People travelling to the ACT from Victoria and the Greater Sydney region cannot enter the ACT without a valid declaration. Returning residents must fill out an online declaration form before travelling and are subject to the stay at home requirements.

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What a terrible decision. Why on earth are international students being allowed into Australia when many Australian citizens are still stranded overseas? Citizens need to be given priority over international visitors, students or travellers.

Joriel,
Reread the article. This isn’t about international students being let back in before citizens.

The quarantine facilities are being used for official government travellers.

Stephen Saunders7:44 am 20 Jul 21

Morrison has stranded 35,000 Australians abroad for well over a year, and it’s a non issue. Completely normalised.

If you’re ruling class, VIP, Caitlyn Jenner, student, or migrant, come on down, we’ve got a “special” “extra” quarantine place. If you’re an ordinary citizen on a passport, tell somebody who cares.

I am especially disappointed in Brian Schmidt, who throughout a national crisis, has pushed for ANU (not Australian) interests.

Yeah Stephen Saunders, about those 35,000 “stranded Australians”. What percentage of them used their second passport to get work in the country in which they are now stranded. Now the gravy train has come to a screaching halt, they are waving their Australian passports and demanding to get back here. The press can always find a sad story to represent the worst side of a situation and those cases do deserve special consideration, but the majority of those Aussies overseas have been caught out in a situation of their own making.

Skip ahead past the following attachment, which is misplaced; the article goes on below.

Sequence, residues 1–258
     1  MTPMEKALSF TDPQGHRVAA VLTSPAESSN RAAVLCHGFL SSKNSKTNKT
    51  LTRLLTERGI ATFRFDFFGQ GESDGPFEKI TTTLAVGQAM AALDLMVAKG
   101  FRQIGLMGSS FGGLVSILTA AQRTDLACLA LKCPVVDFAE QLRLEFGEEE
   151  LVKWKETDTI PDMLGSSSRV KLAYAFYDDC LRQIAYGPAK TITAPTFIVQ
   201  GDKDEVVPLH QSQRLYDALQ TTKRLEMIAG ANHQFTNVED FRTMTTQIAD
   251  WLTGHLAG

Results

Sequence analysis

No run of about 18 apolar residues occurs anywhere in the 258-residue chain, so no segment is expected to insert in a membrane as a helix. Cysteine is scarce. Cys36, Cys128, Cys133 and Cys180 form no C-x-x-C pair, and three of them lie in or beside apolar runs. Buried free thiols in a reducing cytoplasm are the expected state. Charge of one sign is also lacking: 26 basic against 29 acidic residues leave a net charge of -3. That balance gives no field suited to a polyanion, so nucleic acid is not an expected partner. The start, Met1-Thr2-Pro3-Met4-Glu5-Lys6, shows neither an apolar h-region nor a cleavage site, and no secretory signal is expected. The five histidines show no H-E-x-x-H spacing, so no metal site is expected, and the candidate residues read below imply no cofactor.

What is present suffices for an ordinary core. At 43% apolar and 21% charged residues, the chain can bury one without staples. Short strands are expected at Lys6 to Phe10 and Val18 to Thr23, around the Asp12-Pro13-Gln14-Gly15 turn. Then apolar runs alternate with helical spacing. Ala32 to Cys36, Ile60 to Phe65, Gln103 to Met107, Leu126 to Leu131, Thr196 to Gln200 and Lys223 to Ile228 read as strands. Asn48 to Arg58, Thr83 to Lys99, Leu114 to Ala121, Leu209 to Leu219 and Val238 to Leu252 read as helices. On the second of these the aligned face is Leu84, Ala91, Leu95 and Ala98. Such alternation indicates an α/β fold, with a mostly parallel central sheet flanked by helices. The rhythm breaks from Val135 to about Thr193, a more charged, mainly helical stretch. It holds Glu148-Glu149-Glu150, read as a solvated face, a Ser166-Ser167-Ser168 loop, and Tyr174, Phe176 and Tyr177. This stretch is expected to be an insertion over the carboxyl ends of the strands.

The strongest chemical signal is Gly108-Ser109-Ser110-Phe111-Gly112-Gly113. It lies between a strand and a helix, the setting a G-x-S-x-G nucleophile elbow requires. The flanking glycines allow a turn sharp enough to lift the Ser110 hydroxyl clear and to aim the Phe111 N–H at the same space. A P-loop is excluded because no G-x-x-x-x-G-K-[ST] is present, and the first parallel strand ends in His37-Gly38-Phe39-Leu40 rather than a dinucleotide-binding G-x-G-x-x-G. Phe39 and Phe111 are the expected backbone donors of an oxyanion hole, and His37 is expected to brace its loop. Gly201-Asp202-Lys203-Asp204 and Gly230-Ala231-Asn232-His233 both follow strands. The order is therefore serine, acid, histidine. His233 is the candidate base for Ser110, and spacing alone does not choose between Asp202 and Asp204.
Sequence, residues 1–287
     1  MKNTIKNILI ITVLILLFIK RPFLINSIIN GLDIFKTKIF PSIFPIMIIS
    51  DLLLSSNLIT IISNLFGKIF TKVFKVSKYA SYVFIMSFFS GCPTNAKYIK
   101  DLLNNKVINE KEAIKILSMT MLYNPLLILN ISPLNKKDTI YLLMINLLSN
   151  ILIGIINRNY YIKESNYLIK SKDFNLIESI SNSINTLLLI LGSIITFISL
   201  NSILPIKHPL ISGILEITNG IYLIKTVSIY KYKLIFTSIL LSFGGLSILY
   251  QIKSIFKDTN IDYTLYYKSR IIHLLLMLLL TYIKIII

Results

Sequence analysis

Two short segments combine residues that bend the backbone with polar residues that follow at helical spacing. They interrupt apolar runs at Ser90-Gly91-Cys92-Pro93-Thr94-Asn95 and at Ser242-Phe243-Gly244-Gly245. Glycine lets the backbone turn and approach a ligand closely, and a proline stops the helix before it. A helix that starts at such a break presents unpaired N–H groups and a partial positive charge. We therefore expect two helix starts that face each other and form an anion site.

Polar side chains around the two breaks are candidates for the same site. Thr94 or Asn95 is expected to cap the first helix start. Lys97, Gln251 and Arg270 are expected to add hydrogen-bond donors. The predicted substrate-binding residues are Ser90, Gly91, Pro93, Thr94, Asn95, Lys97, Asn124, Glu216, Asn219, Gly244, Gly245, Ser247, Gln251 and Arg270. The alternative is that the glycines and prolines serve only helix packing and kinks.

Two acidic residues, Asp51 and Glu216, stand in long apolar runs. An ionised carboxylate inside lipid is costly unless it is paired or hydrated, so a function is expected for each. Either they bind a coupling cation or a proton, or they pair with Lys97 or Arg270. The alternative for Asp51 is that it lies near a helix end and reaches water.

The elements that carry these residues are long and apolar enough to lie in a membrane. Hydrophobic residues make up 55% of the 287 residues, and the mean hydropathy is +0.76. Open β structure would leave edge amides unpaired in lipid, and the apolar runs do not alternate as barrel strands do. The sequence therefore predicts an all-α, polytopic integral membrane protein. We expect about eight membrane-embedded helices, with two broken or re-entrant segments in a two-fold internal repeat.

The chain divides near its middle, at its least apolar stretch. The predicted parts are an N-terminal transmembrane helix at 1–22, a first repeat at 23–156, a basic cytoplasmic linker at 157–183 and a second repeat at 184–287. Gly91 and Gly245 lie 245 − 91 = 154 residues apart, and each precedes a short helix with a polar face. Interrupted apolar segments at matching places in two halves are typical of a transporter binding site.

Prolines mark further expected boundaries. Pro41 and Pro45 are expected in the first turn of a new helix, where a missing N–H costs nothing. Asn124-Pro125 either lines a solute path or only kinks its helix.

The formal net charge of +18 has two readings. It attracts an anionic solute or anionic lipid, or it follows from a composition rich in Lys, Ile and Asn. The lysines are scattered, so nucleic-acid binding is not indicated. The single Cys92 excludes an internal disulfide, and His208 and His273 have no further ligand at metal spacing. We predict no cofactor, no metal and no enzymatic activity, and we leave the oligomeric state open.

Capital Retro9:58 am 20 Jul 21

I thought the consequences of a global pandemic had stranded people abroad. Next thing you will be saying is Morrison is causing all this cold and wet weather we are getting.

So you don’t know why the government might need to have official overseas travellers to represent our interests across the globe?

You’re also confusing the issue because these aren’t international students being allowed back in, that proposal was rejected.

And as for the rich people or elites, they are allowed to come because they are fully paying for the entire quarantining process and enforcement activities They don’t take up another person’s spot because they fully fund themselves.

HiddenDragon9:13 pm 19 Jul 21

If, as others have plausibly suggested, the students in question were vaccinated overseas, that raises the question of with what?

If the answer is with one of the vaccines which are proving to be not overly effective in some countries in our region, then the quarantining arrangements need to be very, very careful. There were news reports today that the PM has been granted an exemption to travel to Canberra from Sydney but will be required to submit to daily Covid tests – if true, that requirement should also apply to these students.

People are mixing up the issues here.

There are two groups, official government approved travellers who need to quarantine when returning from overseas.

The second group are local students who need to isolate/quarantine because of where they’ve been. The ANU has not been allowed to bring back overseas international students as explained in the article but it is written in a confusing manner.

The official government travellers have been vaccinated here.